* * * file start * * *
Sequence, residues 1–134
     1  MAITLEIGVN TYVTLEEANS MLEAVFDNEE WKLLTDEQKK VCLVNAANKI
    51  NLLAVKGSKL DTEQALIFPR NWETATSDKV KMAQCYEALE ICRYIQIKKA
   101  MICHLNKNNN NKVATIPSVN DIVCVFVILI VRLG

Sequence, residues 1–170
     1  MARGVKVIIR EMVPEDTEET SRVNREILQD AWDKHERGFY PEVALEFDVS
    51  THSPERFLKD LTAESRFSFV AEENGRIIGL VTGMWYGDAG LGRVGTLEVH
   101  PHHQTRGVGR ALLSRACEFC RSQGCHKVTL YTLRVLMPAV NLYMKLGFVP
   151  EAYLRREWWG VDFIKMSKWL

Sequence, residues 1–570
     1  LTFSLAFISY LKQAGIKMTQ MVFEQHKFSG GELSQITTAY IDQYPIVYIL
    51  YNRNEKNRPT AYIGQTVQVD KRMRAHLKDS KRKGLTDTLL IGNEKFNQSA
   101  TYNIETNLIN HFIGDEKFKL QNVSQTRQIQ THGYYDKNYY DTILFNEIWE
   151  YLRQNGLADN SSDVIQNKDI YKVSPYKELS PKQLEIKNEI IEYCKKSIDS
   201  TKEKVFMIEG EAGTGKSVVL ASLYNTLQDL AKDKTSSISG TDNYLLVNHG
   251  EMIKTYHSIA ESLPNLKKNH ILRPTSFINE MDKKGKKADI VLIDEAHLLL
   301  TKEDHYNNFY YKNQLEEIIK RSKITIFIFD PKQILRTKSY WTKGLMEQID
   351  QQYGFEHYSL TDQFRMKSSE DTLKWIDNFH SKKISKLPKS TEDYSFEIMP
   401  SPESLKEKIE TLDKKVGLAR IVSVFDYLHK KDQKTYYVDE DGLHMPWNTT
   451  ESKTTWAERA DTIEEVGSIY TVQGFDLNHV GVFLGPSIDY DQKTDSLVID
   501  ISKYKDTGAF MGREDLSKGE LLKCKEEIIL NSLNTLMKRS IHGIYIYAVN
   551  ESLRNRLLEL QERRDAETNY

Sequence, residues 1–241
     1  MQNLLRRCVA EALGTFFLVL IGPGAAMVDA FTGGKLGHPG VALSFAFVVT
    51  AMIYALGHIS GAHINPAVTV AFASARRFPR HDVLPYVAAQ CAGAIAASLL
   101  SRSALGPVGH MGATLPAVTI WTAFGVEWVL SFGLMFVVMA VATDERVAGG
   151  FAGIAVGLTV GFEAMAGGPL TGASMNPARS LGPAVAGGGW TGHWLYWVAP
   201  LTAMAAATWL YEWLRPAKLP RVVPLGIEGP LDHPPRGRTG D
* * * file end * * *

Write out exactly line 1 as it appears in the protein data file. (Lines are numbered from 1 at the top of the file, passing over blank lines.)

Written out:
Sequence, residues 1–134